On the day-job front there's bad news and good news. The bad news is that I lost my job at the health club - laid off by the owner who decided to do the opening shift himself. The good news is that I don't have to get up at 4:00 am anymore. And my job at the TV station has picked up in both hours and responsibilities. We recently began to make our inhouse produced programs available on the web for viewing and downloading. I was tasked with figuring out exactly how to do that, and I suceeded! We now have a full spectrum of our output available, including every local government meeting we cover, civic and artistic shows like band concerts and healthcare lectures. Altogether we have about 100 videos available currently with new ones posted each week.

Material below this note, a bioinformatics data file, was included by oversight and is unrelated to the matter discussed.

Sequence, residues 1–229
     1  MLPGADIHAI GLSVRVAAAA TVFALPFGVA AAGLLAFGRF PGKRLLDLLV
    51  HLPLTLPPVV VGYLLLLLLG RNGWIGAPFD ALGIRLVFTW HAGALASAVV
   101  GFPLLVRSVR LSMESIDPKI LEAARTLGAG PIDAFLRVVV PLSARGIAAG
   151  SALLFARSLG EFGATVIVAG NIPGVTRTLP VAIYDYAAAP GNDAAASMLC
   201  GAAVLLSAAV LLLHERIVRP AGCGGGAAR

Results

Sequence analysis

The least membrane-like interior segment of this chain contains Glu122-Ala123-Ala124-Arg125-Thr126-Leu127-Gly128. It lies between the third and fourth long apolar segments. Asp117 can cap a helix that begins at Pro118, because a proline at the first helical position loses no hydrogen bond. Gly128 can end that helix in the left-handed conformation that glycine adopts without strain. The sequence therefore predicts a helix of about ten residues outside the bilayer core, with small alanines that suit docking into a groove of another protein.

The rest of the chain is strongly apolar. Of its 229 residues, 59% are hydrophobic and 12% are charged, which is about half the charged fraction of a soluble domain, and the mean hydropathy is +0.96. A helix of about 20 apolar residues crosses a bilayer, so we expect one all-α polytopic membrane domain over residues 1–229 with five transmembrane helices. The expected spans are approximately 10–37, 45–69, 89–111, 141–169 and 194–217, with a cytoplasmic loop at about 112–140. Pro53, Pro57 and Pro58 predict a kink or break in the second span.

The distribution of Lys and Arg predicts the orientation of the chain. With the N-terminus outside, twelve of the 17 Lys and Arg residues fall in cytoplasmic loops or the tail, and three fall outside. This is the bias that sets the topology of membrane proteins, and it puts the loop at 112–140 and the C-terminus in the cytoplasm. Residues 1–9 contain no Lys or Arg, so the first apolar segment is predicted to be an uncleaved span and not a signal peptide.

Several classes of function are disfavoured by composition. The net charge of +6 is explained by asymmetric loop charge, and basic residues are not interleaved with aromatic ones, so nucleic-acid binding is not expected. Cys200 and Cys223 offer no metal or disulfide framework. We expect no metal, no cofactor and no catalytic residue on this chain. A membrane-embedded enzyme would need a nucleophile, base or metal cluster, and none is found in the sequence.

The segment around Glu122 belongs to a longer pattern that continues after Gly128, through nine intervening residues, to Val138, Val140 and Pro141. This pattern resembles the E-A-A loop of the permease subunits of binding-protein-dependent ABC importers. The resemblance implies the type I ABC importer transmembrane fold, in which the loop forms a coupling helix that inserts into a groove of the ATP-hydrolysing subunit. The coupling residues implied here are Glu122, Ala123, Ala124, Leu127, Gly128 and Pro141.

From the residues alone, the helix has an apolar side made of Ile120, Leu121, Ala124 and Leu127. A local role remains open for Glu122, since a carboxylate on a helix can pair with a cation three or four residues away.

In the middle of all of this activity last month, a blue whale washed up on one of our local beaches and MCTV was asked to come and document the process of salvaging the whale's skeleton. I spent 12 hours out on the bluff overlooking the carcass, and sometimes right down next too it, manning a camera for the cause on four separate days during the 8 day process. Our team is working on producing first a half-hour news show about the event, and later a longer documentary.